• permitting Ofcom to cooperate with EEA states that are subject to the Audiovisual Media Services Directive, and with the national regulatory authorities of such states, in certain circumstances; and
  • giving the Secretary of State a regulation-making power to make amendments to other legislation which are consequential to the provisions in the draft Media Bill.

The CMS view – surprise score 2/10

The changes to the listed events regime are unsurprising, given the acknowledgment to such changes in the White Paper. This will come as a disappointment to sports rights holders, some of whom would have hoped that, in the future, the emergence of new services being deemed “qualifying” (e.g., super-platforms) would drive up value in their rights. There may be further changes following the conclusion of the Government’s review on whether digital rights should be included in the listed events regime. However, as we mentioned in our Law-Now, in practice, PSBs already commonly acquire digital rights when they acquire rights to listed events, so whether intervention on the point is really needed is questionable.

The extension of qualifying services to pure internet-delivered content is more surprising.  In future, it might mean that a linear channel only available through a PSB digital service (for example, the BBC iPlayer) might be the only place for live coverage of a listed event (though that would be a brave step for the PSB concerned).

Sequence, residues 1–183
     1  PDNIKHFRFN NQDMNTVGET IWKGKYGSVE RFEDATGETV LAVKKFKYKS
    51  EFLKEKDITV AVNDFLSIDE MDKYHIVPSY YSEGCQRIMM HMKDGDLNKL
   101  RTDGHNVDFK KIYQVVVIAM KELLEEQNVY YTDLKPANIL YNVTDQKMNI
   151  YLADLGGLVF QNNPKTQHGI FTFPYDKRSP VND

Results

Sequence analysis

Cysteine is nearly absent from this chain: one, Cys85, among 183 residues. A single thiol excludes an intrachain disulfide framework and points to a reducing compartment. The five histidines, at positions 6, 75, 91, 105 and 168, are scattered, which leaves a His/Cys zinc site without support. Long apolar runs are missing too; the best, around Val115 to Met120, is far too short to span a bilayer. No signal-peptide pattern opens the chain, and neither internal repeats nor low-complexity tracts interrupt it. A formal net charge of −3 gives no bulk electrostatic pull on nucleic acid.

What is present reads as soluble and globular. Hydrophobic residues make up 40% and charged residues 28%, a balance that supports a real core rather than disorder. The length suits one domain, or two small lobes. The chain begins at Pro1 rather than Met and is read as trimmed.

Whilst the repeal of Section 40 was not in the White Paper, the Government has long said it would do so (for example, back in March 2018, in response to a consultation). Nonetheless, the actual repeal of Section 40 will be welcome news (no pun intended) for several publishers, one of whom described leaving it on the statute books as a legislative sword hanging over the newspaper industry. This could be the final nail in the coffin for a state-backed regulation system in the UK. It is also indicative of a broader swing in political and public opinion in favour of the media in the decade since the low point for the media of the Leveson Inquiry.

We will be watching this Media Bill closely as it passes through Parliament, so keep an eye out for our updates on our dedicated CMS Media Bill webpage.  If you would like to discuss any aspect of the Media Bill or how it may affect you, please get in touch.